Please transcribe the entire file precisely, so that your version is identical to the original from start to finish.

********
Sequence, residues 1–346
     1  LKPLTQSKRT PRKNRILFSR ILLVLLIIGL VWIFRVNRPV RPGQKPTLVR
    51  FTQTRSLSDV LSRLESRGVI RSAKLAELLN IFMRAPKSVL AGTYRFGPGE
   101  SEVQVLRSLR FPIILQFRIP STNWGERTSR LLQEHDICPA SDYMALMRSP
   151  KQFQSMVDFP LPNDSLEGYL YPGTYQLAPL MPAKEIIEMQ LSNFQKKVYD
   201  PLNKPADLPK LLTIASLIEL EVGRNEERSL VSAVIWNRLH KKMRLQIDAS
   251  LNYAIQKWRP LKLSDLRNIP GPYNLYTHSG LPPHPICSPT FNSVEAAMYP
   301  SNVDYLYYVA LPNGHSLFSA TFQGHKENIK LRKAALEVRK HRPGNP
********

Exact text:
Sequence, residues 1–346
     1  LKPLTQSKRT PRKNRILFSR ILLVLLIIGL VWIFRVNRPV RPGQKPTLVR
    51  FTQTRSLSDV LSRLESRGVI RSAKLAELLN IFMRAPKSVL AGTYRFGPGE
   101  SEVQVLRSLR FPIILQFRIP STNWGERTSR LLQEHDICPA SDYMALMRSP
   151  KQFQSMVDFP LPNDSLEGYL YPGTYQLAPL MPAKEIIEMQ LSNFQKKVYD
   201  PLNKPADLPK LLTIASLIEL EVGRNEERSL VSAVIWNRLH KKMRLQIDAS
   251  LNYAIQKWRP LKLSDLRNIP GPYNLYTHSG LPPHPICSPT FNSVEAAMYP
   301  SNVDYLYYVA LPNGHSLFSA TFQGHKENIK LRKAALEVRK HRPGNP